Designing levels in Call of Osiris: a synopsis
One of our goals for Call of Osiris was to authentically recreate famous Egyptian locations. The first versions of the levels were indeed like that and they looked nice enough. But they were empty and not much fun to play. Take a pyramid, any pyramid. There’s desert, sand, some rocks, a road… and that’s basically it. Few want to spend five minutes walking through a huge empty space with nothing to do, and then unceremoniously enter the tomb.
So the challenge was to adapt the real-world locations to the gameplay. We placed barriers, deployed enemies, and introduced secrets, especially in the large outdoor areas and inside the pyramids. We also used gameplay dialogs to liven things up. This way, you can beeline to the goal if you’re in a hurry, or you can explore and get rewarded.
As a rule of thumb, the above ground areas are real, and the underground areas are fictional. Rumor has it that there’s a huge underground city under the Giza plateau. Does it exist? Now you can find out for yourself! First, you have to discover the entrance with the help of Leila’s magic amulet. Then, new worlds and dimensions open up in the bowels of pyramids and temples. Here, we level designers were able to leave real life aside for a while and create something unique and truly worth exploring.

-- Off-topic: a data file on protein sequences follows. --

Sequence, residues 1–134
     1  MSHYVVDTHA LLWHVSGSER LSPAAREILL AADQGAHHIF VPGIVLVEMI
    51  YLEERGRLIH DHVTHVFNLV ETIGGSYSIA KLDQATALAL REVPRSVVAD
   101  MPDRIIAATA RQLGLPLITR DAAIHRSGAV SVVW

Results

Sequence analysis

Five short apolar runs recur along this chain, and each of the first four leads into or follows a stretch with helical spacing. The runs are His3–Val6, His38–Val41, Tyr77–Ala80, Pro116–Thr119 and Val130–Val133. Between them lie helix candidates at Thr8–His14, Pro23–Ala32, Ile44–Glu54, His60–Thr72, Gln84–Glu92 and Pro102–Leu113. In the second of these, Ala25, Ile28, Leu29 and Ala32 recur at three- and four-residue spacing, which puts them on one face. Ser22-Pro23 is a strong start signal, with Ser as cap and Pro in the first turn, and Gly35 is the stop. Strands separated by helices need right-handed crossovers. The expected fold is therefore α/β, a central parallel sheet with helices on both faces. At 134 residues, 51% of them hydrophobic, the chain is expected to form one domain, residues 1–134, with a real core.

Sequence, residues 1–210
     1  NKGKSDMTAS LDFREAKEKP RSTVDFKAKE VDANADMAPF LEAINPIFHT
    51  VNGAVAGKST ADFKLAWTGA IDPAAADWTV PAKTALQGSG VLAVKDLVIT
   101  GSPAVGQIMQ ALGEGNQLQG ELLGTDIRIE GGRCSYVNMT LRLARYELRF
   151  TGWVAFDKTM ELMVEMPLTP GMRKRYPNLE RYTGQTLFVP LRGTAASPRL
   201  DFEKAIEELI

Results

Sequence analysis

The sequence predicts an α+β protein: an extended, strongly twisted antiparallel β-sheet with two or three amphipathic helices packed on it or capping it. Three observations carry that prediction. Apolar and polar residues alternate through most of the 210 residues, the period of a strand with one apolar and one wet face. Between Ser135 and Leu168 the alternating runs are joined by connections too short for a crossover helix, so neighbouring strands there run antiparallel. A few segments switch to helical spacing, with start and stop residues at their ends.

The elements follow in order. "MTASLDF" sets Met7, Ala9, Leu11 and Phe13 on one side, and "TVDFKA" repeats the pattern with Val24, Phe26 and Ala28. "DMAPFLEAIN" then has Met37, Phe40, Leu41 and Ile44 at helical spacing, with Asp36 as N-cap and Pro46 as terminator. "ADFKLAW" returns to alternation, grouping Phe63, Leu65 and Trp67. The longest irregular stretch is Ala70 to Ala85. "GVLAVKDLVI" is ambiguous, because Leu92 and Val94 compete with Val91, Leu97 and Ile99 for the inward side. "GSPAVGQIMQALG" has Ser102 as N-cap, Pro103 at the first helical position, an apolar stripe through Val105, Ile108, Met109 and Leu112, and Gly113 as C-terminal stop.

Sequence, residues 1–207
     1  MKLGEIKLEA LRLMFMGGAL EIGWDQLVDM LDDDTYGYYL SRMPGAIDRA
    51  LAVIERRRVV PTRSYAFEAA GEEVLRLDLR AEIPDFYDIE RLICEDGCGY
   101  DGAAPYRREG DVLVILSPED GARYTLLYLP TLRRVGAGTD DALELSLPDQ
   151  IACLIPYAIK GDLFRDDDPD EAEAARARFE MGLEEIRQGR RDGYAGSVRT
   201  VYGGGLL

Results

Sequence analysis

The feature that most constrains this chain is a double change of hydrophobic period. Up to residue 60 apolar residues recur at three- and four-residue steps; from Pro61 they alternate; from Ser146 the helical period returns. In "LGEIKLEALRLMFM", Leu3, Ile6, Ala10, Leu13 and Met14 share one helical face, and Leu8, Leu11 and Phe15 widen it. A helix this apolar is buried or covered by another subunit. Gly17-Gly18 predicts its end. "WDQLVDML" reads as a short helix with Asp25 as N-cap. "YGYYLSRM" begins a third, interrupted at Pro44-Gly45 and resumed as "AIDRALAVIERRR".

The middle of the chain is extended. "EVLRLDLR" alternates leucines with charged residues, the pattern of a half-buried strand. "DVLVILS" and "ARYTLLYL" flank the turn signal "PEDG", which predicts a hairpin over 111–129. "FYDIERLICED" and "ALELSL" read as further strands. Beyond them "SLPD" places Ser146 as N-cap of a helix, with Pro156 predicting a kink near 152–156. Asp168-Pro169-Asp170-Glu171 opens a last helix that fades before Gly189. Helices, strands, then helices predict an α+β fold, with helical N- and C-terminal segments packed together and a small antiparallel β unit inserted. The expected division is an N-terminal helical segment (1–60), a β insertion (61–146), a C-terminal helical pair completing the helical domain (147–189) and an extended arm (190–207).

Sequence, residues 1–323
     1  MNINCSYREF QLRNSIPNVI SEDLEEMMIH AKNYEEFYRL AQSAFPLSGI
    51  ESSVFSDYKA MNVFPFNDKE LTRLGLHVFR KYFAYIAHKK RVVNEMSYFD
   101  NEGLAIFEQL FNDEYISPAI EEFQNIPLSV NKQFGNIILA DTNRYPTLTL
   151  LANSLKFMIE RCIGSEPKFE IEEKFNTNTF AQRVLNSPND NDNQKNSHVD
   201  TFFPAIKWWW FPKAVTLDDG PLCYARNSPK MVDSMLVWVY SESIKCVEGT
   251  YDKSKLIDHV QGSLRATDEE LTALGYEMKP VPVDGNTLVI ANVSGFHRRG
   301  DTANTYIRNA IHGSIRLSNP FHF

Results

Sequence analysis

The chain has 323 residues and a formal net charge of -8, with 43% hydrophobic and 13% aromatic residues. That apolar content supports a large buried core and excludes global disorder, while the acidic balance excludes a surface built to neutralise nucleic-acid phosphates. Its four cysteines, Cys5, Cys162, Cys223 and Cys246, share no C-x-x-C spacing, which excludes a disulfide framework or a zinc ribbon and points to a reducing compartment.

These “underworlds” combine traversal, shooting and exploration in interesting new ways, and each has been custom-built to keep repetition to a minimum. Still, they have something in common: the influence of the Egyptian gods. In the background, Set and Osiris are engaged in a constant battle for the throne of the underworld, and Set soon begins to pay special attention to our two heroes...
Call of Osiris is not an open world game, but it’s not completely linear either. You can often wander off the main path and explore the many nooks and crannies we “LDs” have built in. Secret and optional pickups allow level designers some degree of freedom and give the player a sense of discovery and accomplishment when they discover them. As a Tomb Raider fan, you know the feeling when you notice an unreachable crawl space or a glimmer somewhere in the dark, and need to find a way to get there. Maybe you need to reach a new part of the level, or maybe you missed something. Stay persistent, and you’ll succeed. Sometimes finding all the secrets is more exciting than finishing a level.
I really like the levels I made. I put my whole heart into making them reflect the storywriter’s and game designer’s ideas, but also my own. And it wasn't just me. It was a collective effort from all of us here at ActaLogic, the best team you could ask for. You’re invited to experience the results and provide feedback, good or bad.
Šimen Sterle aka Bojrkraider, Level Designer, ActaLogic